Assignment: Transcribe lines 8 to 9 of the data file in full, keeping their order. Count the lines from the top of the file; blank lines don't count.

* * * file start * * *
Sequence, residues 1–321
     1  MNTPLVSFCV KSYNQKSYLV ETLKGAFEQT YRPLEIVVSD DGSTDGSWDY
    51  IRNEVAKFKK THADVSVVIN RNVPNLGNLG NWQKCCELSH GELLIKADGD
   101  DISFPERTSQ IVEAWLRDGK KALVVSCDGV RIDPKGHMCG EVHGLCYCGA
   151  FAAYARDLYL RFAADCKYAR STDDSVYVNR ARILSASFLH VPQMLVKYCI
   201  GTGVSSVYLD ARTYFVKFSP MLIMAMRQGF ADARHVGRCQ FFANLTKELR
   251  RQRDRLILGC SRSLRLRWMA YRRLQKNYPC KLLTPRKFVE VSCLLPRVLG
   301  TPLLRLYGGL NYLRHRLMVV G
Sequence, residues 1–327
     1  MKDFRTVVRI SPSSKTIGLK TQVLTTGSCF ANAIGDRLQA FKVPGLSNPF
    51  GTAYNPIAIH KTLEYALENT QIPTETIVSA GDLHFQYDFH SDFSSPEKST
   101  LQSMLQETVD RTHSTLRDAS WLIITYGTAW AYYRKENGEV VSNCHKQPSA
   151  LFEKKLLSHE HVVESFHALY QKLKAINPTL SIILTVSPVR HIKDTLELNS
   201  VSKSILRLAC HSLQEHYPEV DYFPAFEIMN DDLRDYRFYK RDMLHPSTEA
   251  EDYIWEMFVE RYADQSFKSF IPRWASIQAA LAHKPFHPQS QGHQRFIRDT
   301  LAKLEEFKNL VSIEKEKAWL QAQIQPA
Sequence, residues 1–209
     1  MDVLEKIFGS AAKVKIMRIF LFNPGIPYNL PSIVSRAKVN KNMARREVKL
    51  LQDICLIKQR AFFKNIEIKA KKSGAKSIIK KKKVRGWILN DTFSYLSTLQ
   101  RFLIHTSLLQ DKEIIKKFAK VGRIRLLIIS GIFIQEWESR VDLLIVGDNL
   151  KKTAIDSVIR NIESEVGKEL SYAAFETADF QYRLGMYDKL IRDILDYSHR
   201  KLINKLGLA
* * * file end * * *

   301  TPLLRLYGGL NYLRHRLMVV G
Sequence, residues 1–327